Stroke cases higher among young, decline in older adults

Stroke cases higher among young, decline in older adultsA new study has found that stroke cases are on the decline among older adults, but are rising among younger people. Lead researcher Joel Swerdel explained, “People born during what I call the ‘Golden Generation,’ 1945 to 1954, had lower rates of stroke than those born 20 years before them and also in the 20 years after them.”

Those born between 1965 and 1974 – known as generation X – have a 43 percent higher risk of stroke, compared to the Golden Generation.


A stroke results from a blood clot or blocked blood vessel in the brain which starves the brain for oxygen. Stroke is the fifth leading cause of death in America, according to the CDC.

The researchers compared stroke data from 225,000 people representing both generation groups. The results revealed the following:

  • Stroke rates more than doubled in people 35 to 39 (a nearly 2.5-fold increase).
  • Stroke rates doubled in people aged 40 to 44.
  • Stroke rates increased by about 68 percent in people aged 45 to 54.
  • Stroke rates declined in all age groups over 55 between 1995 and 2014.

The older generation appears to benefit from blood pressure lowering medication, along with cholesterol-lowering medication. Furthermore, the baby boomers benefited from dodging the obesity and diabetes epidemics, which impacted the generations that followed.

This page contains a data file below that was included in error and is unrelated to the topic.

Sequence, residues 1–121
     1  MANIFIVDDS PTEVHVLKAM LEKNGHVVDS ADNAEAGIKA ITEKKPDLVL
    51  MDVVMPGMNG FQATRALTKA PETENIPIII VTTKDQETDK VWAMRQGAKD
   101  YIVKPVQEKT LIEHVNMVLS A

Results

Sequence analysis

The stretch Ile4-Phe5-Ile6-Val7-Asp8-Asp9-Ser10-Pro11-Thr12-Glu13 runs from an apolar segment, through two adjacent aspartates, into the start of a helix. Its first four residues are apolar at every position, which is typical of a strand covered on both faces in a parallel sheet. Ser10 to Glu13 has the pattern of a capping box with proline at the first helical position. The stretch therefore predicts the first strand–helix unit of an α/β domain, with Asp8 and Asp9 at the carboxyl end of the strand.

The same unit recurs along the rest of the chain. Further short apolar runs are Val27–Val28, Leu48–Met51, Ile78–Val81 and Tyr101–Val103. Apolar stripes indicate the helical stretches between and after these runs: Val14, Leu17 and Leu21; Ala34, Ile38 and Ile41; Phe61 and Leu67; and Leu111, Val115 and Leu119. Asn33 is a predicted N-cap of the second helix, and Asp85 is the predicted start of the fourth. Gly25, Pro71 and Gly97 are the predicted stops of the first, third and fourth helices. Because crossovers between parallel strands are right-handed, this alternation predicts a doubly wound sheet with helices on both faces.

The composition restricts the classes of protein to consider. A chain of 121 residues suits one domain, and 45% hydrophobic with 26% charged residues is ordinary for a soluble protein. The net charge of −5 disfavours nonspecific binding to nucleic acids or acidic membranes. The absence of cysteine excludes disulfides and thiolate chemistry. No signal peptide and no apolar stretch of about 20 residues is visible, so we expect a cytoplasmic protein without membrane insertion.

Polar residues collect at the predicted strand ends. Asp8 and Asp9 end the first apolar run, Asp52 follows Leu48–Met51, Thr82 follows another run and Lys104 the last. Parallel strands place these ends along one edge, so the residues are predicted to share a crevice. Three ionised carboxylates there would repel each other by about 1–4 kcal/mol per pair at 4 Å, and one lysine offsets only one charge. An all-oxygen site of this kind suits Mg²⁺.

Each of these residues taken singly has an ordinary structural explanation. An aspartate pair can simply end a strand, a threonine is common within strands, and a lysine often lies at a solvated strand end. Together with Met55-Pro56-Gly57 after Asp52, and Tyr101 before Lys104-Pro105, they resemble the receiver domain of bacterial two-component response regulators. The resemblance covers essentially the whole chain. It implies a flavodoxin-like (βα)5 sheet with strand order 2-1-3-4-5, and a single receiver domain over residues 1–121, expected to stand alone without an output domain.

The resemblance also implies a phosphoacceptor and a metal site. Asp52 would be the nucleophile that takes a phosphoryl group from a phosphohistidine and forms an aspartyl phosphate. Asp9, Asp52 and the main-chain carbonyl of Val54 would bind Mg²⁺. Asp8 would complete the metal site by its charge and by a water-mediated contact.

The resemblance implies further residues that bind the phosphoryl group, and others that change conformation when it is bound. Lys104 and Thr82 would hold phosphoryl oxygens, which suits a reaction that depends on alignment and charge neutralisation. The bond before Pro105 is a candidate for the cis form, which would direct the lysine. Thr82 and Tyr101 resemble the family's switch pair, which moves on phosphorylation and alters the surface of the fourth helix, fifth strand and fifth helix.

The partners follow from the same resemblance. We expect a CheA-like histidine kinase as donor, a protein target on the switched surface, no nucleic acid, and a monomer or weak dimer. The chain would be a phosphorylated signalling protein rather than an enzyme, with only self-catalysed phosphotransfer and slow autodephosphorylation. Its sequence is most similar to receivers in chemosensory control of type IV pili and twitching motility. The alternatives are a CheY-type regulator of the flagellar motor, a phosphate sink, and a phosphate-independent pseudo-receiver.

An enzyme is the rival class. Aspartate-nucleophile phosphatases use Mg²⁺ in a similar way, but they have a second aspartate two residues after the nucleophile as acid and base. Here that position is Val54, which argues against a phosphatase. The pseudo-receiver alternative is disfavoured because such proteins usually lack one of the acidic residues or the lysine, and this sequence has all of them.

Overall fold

Swerdel explained, “If we look back at U.S. history, there was a big push towards adding a lot of sugar to food. For instance, sugared cereals didn’t become popular until the early 1960s. The rates of obesity and diabetes in these younger groups may be a function of that.”

Some researchers suggest that because the blood pressure movement began around the 1970s, the younger generation has yet to benefit from the messages it conveys. Daniel Lackland, a professor and director of translational neuroscience and population studies, added, “Today, we have a significant number of pediatricians who come asking, ‘How do I diagnose and treat adult hypertension, because that’s what I’m seeing in my pediatric patients.’ Everybody should have their blood pressure measured, and everybody should know their blood pressure.”

The findings were published in Journal of the American Heart Association.

Author Bio

Mohan Garikiparithi got his degree in medicine from Osmania University (University of Health Sciences). He practiced clinical medicine for over a decade before he shifted his focus to the field of health communications. During his active practice he served as the head of the Dept. of Microbiology in a diagnostic centre in India. On a three-year communications program in Germany, Mohan developed a keen interest in German Medicine (Homoeopathy), and other alternative systems of medicine. He now advocates treating different medical conditions without the use of traditional drugs. An ardent squash player, Mohan believes in the importance of fitness and wellness.


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